Metric Mail uses data provided by Google Analytics. We wanted to estimate the share of websites that use it. There are some studies about the market share of analytics solutions, but they are using rather small samples.
Alexa provides a list of the Top 1 million domains…
We used their data as a starting point for our research. There may be issues about the reliablilty and accuracy of their data, but it is still the best source that is easily available.
Next we imported the data to Google App Engine’s data store…. importing a million rows takes a long time ;) Around two days. We needed to retrieve each site and then look for patterns in Google Analytics data. There is
- the identifier UA-12345-123 and
For more info on the Mapper API check out theirproject site
and the fantastic article onNick Johnson’s blog
Here are the results (8+ days of processing):
- Number of websites successfully checked: 883194 (responded within 10 seconds)
- Number of Google Analytics profiles: 441207
- Market share in the top one million: 49.95%
Have you ever tried dying to a pleasure voluntarily, not forcibly? Ordinarily when you die you don’t want to; death comes and takes you away; it is not a voluntary act. But have you ever tried dying voluntarily, easily, felt that sense of the abandonment of pleasure? Obviously not! Life is living, abundance, fullness, abandonment, not a sense of the ‘I’ having significance… If you experiment with dying to little things… you will see that your mind is capable of dying to many things, dying to all memories. Machines are taking over the functions of memory- but the human mind is something more…. But it cannot be that something else if it does not die to everything it knows…
- J. Krishnamurti, The Book of Life
I do not want to go gently into that good night! I want to fight the dying of the light!
That was my initial reaction. Then I re-read the passage. A mind burdened with memories is pinned to the past, cannot make room emotionally or cognitively for the present and future. Yes, some of the past, of memory, can and must be relinquished, die without agonizing over it. Far easier to do so with events that are mundane, not too personally significant. Yet some of the good memories as well as the bad need to die, fall off the stack of memory.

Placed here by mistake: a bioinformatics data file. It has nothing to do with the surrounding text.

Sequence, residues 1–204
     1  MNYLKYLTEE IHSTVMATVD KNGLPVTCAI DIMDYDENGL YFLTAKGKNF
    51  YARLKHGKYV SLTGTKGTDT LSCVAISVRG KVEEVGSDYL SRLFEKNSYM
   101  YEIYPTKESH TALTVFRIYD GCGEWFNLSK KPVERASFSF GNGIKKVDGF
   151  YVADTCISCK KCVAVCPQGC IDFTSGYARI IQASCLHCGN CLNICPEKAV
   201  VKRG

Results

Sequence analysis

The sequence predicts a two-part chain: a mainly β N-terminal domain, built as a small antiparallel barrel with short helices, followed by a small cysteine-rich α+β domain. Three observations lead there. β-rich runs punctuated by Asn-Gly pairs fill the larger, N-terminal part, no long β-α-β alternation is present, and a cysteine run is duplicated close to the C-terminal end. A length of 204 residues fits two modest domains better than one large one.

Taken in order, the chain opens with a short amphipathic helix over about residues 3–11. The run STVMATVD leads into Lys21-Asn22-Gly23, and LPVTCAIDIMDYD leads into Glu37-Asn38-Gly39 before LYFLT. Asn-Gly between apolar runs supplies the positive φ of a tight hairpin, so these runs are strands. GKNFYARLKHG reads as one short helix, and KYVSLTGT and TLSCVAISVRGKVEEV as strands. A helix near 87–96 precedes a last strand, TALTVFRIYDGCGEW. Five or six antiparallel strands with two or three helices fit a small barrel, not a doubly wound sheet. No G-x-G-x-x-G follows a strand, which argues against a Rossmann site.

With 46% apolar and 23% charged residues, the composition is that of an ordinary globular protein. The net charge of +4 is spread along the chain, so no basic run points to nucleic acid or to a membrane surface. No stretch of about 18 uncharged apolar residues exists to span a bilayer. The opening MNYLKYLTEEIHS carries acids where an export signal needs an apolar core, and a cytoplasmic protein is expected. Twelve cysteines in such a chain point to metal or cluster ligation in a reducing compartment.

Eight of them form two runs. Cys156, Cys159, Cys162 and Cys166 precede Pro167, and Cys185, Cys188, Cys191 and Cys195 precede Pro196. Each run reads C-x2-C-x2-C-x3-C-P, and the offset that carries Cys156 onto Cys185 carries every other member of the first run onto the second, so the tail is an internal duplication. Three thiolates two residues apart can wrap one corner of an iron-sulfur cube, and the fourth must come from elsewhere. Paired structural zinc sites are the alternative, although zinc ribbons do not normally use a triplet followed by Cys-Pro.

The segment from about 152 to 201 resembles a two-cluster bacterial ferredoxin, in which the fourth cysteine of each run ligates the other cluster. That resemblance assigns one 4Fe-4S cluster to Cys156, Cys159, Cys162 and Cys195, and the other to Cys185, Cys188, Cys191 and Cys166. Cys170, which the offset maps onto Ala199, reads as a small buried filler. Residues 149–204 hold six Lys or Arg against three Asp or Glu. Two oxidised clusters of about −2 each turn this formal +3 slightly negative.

I interpreted the passage differently on my first reading. I thought it was metaphor, polite euphemism.
Book of Life: Have you ever tried dying to a pleasure voluntarily, not forcibly?
Me: Yes! Not EVERYONE watches Wired Pussy on the internet and does that forced cum thing!” Not day in and day out.
B of L: Ordinarily when you die you don’t want to
Me: Ordinarily when I climax, I DO want to.
B of L: But have you ever tried dying voluntarily, easily, felt that sense of the abandonment of pleasure?
Me: Yes! I HAVE tried to climax voluntarily, easily. Usually, I do! But it is the very opposite of “the abandonment of pleasure.” The pleasure is opulent and thick.
B of L: Life is living, abundance and fullness.
Now I am as confused again as when I started writing this.
IBM distinguished engineer Jeff Jonas kicked off GigaOm’s Big Data conference with Scary Data: Cellphones are generating 600 billion geolocation records a day….“The data is being de-identified, but they know where you spend your time and who you spend it with.”
Jonas highlighted what data privacy advocates have been ringing alarm bells about for years: We’re tracking ourselves, in ways that would terrify us if a government tried it. Anyone who owns a smartphone carries in their pocket a tracking device that knows — and broadcasts — where you are. And we don’t really know who is getting hold of those records.
One of his clients is experimenting with using geolocation logs to track how often and for how long people visit various retail outlets. If store traffic has declined in recent months, they can detect that pattern — before the retailer reports its quarterly earnings.
True anomymization is hard to pull off with large data sets. It took academic statistical researchers two weeks to ID individual Netflix subscribers in a supposedly anomymized set of 100 million movie reviews. See slideshow deck available here: “Re-identification is somewhat trivial.”
Geolocation logs can show where you spend your time, and who you spend it with. Jonas quipped: “I can give you a list of the 10 friends you’re around the most, and if you don’t recognize one of the names, they’re following you.”
Jonas says … it is playing a role in his project code-named G2 …